dir: Brian W. Cook
Don’t, whatever you do, mistake this flick for a biography of the great Colossus of the cinema that was Stanley ‘Grumpy Pants’ Kubrick.
No, John Malkovich plays the unbelievable role of a crazy conman who used to tell people he was Stanley Kubrick, despite the fact that he looked nothing like him, didn’t try to sound like him, and didn’t even know what films Kubrick directed.
He is so bad at impersonating him that it becomes more a reflection on the people who get sucked in rather than an example of his skills as a charlatan. It is both their gullibility and their simplemindedness in the face of potential celebrity that renders them ripe for the picking.
Of course, the other element that favoured Alan Conway’s deceptions was the fact that Kubrick himself was a bit of a recluse, and there weren’t many photos of him in common circulation. Looking at the extravagant lengths to which Conway virtually begs to be caught out makes you wonder just how gullible people are out there.
This little film is directed by someone who actually knew and had worked with Kubrick in the past, which means he is eminently unqualified to make a film about a flimflammer he never met. But at least he can ensure Malkovich looks and acts nothing like Kubrick to make the illusion complete.
Malkovich Malkovich Malkovich overacts, underacts, flounces and pounces his way through the film. He uses enough bad accents to make Meryl Streep expire with envy. This is meant to be a broad comedy, so he goes all out as this strange little queen who wanted people to think he was something more than just a travel agent.
The outrageous lies and scenarios he drags people into, even though it’s mostly to scam other people out of pocket change or for drinks, don’t seem to be motivated out of a desire to really screw people over, though his actions certainly aren’t those of a harmless lecher. Nor does he do it to try to scam the real Stanley Kubrick out of any of his bank accounts or anything else. He just seems to enjoy living a strange Life of Riley for whatever kicks or perks he can get out of it.
For such a scammer, he doesn’t seem to be that bright or that diligent at maintaining the facade, but he has, at least, heard and learned the vital life lesson explicit in Kenny Rogers’ The Gambler, as in, you’ve got to know when to hold ‘em, know when to fold ‘em, and especially, know when to run like the hounds of hell are after you.
Even then, some people he seems to scam just for the hell of it. We never really get to peer beneath the veil and see what motivates this crass cretin in his con-artistry; what base need it fulfilled for him to not have to be the mundane Alan Conway and to instead be regarded as the famous director. We never learn what he even thinks of Kubrick or his films. Since this was occurring in the early 1990s, he could have just as easily been pretending to be J.D Salinger or Greta Garbo to these stupid, stupid people.
He scams restaurateurs, barmen, rentboys, toyboys, chemists, heavy metal bands, pop singers, people just sitting in bars and even Frank Rich, the drama critic for the New York Times. Even the Butcher of Broadway is fooled by a third-rate impersonator.
You wouldn’t really call it much of a drama, since most situations are played for laughs, but since it loosely covers many of the more outrageous violations he was responsible for, it’s got to be considered something of a biographical film.
I guess dramatic stuff does happen, since he does ruin many people’s lives. His scams, which were mostly aimed at keeping him in free booze and smokes, often stretched beyond that to trying to maintain a comfort level above what he could afford at expensive restaurants and hotels. Still, the impression we get is that whilst he is callous towards his victims, it is not out of maliciousness.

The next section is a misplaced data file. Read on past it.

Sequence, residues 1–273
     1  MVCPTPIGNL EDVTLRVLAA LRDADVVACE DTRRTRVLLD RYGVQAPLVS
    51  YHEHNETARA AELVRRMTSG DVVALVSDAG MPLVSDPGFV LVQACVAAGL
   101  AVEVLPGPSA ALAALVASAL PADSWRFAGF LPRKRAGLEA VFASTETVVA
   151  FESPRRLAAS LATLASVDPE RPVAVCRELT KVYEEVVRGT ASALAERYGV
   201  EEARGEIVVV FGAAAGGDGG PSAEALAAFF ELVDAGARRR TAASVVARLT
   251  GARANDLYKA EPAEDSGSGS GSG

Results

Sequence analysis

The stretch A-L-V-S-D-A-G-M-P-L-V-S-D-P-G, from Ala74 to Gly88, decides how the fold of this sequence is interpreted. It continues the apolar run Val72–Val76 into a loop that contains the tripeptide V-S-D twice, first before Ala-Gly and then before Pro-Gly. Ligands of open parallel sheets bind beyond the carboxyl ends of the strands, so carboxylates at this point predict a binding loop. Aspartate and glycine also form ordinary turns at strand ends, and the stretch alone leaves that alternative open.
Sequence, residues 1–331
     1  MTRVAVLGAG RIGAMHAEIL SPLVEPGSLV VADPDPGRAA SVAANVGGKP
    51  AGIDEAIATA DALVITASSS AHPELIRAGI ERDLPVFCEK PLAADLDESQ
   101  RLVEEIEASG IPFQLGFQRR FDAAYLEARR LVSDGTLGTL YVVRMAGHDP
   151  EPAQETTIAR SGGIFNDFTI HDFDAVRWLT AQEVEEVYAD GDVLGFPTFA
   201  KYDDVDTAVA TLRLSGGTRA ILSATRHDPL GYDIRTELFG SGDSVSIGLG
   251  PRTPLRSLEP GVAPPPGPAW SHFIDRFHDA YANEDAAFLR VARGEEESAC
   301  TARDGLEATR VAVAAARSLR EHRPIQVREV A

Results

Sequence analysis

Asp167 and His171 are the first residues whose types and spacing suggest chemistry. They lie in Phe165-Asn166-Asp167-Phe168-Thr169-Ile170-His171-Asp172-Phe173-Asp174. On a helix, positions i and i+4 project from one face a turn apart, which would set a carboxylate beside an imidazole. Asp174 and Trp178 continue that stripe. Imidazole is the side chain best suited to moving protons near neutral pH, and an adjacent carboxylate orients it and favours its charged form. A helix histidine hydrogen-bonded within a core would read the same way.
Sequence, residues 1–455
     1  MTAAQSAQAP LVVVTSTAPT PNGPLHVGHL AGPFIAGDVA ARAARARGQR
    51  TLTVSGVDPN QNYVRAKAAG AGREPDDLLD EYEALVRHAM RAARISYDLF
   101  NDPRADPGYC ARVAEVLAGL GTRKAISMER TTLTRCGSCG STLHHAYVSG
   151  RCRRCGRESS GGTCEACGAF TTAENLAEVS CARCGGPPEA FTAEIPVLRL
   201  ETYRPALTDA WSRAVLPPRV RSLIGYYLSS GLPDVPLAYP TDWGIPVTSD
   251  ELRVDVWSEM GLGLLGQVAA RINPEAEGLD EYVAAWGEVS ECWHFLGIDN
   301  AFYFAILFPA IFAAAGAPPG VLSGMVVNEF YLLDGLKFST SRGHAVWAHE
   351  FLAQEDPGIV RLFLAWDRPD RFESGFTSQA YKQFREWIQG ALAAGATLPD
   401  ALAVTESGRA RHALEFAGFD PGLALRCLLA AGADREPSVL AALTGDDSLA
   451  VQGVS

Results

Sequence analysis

That’s probably just my opinion. For all I know he probably had the same level of contempt towards everyone he fooled that most scammers, con-artists, thieves and criminals have towards their victims and towards humanity in general. I don’t know, I’m not a psychic. If I were I’d certainly be using my powers in a more productive way than to figure out the complex psychomalogical motivations of a dead sociopath.
Malkovich seems to be having fun with the role, and so he should. Some of the accents he puts on are so over-the-top and so hideous that you wonder how anyone can appear in the same scene with him without ripping their own ears off. It’s rare to see him playing an overtly comical role, though it’s not (unfortunately) rare to see him picking up paycheques in dire flicks because he want to remain in the luxury he has become accustomed to.
There are an abundance of obvious and not so obvious references to Kubrick’s films, not least of which is the use of Strauss’ music from 2001: A Space Odyssey in hilarious juxtaposition of Conway doing his laundry or other mundanities. Plenty of other visual links for the anal retentive Kubrick obsessives, as well as cameos by classic Bond girl Honor Blackman and hack director Ken Russell. Which, you know, is such a big deal.
Still, his presence here should not confuse the unwary with the promise that there is anything of significance or importance going on here. It’s a pleasant enough film, but of little lasting importance, and it’ll be forgotten weeks after it leaves the theatres in the US, where it is inexplicably playing at the moment (opening as it did on 23/3/07). I doubt it’ll win him any more fans in the scheme of things, but it’s not an entirely unpleasant way to spend 86 minutes.
6 times everyone thinks they’d never be so gullible as to fall for a scammer like this, and then you find out they sent money to some guy in Nigeria out of 10.
“He will redefine the astronaut!” – John Malkovich, playing Alan Conway, impersonating Stanley Kubrick, talking about the movie he intends to make, 3001: A Space Odyssey, which is to star, you guessed it, John Malkovich.